"You know you're crushing my soul, right Alfred?" "I do, but it's really important."
“You know you’re crushing my soul, right Alfred?”
“I do, but it’s really important.”

As far as Bruce Wayne character through line, we once again have Bruce Wayne underestimating Bane as a threat. Throughout the series he refuses to see the danger signs around him, something Alfred frequently attempts to illustrate. This lack of awareness costs him dearly throughout the film. Instead, Bruce throws himself headlong into the conflict with no thought or assessment at all. Bale plays Bruce almost as a man who want to die fighting for Gotham City, rather than live as a broken shell of a man.

Though perhaps if he had seen Bane’s first scene he would have been more cautious:

 Thematically, this film sets up Batman and Bane as two sides of the same coin, right down to the look of their masks: Bane’s mouth is the only part of his face covered. I know many complain about an inability to understand Bane’s dialogue. For me, I had some trouble in his opening scene, but then my ears seemed to adjust, and I was fine after that.

Dialogue: ??????????????????????????
Dialogue: “hmedj oidifxo sijfiosd ovf”

Batman’s mask, in contrast, covers every part of his face except his mouth. This costume parallel reemphasizes both their similarities and their contrasts.

The film presents both Batman and Bane as two individuals, both involved in the League of Shadows, taking two disparate paths. There is very much the idea that Batman could have taken Bane’s path and vice-versa. Two men are put into a pit, both emerge, and their fates are determined by overcoming both the pit as an obstacle and the traumas of their pasts.

The film also gives us Joseph Gordon-Levitt as a man who is basically Bruce Wayne without billions of dollars. He works as a police officer in Gotham City, but hopes to make a bigger difference someday. Both were orphaned young and sought to make Gotham City better (and nurse their psychological wounds) through combating the criminals that seek to tear down social stability. The difference is one chose to do so within the bounds of the law, and one chose to work outside of societal norms. By the end, one comes to understand the inner workings behind both choices and the necessity of sometimes having to work outside the law.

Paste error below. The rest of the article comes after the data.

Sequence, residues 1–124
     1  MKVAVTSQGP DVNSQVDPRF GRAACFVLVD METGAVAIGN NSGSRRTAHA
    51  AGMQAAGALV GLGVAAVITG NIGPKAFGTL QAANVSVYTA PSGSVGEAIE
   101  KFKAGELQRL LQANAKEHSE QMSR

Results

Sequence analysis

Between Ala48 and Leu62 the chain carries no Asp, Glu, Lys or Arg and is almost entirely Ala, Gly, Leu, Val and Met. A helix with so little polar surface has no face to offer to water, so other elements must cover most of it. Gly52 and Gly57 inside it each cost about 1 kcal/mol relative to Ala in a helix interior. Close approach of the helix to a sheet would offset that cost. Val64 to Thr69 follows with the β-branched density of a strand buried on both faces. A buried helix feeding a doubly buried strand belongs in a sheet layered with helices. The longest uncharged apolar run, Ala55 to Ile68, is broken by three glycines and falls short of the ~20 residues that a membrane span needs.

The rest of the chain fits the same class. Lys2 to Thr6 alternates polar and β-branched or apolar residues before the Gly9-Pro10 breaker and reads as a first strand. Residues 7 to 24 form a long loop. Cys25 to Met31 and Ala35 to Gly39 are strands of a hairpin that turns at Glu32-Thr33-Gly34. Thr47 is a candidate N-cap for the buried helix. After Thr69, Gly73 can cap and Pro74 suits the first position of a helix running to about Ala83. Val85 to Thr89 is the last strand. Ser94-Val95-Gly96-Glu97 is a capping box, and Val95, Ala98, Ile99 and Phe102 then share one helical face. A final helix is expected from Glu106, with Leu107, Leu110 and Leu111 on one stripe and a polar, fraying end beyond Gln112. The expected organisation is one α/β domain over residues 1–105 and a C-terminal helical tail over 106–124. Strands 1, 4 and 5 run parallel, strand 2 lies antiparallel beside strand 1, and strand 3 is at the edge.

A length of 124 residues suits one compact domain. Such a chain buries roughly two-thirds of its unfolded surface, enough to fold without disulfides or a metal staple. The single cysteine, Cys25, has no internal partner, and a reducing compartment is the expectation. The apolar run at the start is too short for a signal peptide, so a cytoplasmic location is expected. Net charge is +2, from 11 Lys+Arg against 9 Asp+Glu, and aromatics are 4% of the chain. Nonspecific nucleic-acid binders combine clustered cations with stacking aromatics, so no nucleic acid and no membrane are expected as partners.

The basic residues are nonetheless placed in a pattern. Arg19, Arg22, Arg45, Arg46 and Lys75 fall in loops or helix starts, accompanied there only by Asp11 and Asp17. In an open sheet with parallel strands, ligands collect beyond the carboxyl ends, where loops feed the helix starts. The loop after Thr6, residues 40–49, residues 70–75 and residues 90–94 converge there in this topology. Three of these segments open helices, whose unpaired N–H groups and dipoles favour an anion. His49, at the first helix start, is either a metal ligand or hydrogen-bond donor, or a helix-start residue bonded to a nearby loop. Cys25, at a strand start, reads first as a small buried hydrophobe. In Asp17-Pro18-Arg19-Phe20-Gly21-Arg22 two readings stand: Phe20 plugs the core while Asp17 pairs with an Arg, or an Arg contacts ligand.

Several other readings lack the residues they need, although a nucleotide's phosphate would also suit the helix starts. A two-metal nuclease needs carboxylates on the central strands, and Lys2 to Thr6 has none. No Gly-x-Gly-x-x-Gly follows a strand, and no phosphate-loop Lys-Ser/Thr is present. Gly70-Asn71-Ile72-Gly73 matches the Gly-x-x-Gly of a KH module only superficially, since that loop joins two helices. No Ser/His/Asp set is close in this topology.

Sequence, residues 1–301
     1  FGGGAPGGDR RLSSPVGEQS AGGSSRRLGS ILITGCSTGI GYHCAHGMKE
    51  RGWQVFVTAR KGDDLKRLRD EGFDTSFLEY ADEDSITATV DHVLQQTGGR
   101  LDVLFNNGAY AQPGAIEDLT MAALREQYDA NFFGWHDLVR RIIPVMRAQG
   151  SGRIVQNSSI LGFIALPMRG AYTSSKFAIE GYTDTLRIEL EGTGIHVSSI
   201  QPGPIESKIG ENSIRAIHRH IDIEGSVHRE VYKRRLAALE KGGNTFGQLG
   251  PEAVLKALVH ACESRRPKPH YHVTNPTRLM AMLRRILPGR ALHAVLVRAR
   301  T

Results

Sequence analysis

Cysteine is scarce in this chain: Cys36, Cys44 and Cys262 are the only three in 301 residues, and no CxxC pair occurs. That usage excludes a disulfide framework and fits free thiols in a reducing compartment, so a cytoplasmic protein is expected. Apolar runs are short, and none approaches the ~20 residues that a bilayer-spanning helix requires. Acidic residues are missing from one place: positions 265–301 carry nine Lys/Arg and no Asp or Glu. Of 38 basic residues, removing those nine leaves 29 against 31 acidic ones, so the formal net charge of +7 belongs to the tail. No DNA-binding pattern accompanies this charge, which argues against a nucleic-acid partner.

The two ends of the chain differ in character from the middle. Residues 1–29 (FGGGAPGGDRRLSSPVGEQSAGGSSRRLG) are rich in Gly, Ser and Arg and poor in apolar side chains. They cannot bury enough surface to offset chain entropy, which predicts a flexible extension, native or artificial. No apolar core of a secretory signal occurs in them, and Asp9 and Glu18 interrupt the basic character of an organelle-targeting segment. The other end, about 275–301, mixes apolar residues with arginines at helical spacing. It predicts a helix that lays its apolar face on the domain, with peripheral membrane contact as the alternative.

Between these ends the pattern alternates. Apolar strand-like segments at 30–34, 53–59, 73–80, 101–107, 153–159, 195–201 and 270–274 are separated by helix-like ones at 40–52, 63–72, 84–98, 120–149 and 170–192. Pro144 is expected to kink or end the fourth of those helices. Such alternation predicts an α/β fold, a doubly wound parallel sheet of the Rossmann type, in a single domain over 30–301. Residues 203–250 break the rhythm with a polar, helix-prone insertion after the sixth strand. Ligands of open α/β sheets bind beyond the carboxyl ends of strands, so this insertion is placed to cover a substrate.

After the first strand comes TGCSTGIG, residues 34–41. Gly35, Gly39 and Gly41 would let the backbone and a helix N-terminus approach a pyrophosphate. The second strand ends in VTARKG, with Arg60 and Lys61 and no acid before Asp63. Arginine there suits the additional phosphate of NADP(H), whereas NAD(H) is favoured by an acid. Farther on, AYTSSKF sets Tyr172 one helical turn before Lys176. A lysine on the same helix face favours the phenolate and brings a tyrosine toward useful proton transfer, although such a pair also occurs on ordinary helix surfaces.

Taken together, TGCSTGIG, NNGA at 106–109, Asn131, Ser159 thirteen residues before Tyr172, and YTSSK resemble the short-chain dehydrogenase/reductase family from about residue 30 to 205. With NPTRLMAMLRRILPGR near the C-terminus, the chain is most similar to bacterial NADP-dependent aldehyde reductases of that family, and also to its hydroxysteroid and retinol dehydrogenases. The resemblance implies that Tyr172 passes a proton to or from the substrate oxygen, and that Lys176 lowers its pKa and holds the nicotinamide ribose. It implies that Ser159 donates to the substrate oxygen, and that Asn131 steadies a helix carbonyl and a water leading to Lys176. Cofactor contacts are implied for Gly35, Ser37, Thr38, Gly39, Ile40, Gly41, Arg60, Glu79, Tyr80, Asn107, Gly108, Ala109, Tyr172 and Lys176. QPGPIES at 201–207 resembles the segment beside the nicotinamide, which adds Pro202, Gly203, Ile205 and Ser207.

Dick Solomon would be so disappointed.
Dick Solomon would be so disappointed.

In addition, Nolan presents the contrast between the end of The Dark Knight, in which deception is seen as preferable to the truth, and the theme of The Dark Knight Rises, in which truths are revealed and that revelation is seen as necessary for the world to grow and evolve. Many critics pointed out the Tale of Two Cities-esque war between the wealthy and the poor as a commentary for the 1% vs. the 99% conflict that dominated news channels last summer. The presence of Selina Kyle/ Catwoman as a figure seeking to revolt against the privileged Gotham citizens further drives that point home.

Check out this scene between Bruce and Selina, discussing the differences between Gotham’s privileged and its poor:

 I think that argument can be made, and it is certainly a facet of the plot, but it’s a simplistic reading of the film. The film is more about the importance of showing individuals the reality of the situation and the brutal consequences of lies.

If The Dark Knight opened with several points working in its favor, The Dark Knight Rises opened with one of the biggest drawbacks a film could endure: a high-fatality shooting at a Colorado midnight screening. That event, doubtlessly, lowered the opening weekend grosses, and cast a pall over the film that dogged it through its American theatrical run. The film still went on to gross more than a billion dollars worldwide (without 3-D price hikes, thank you very much) and garnered an 87% critic approval rating on Rotten Tomatoes. It slightly suffered in comparison to Joss Whedon’s more profitable (and in light-robbing 3-D) The Avengers, which seemed more fun and more typically enjoyable summer fare. I like The Avengers, but for me there was no comparison between the two. One film was about large, grand ideas. One was about shallow spectacle. I prefer a film that tries to say something about the society in which we live, rather than exist as an all action, no substance fluff piece.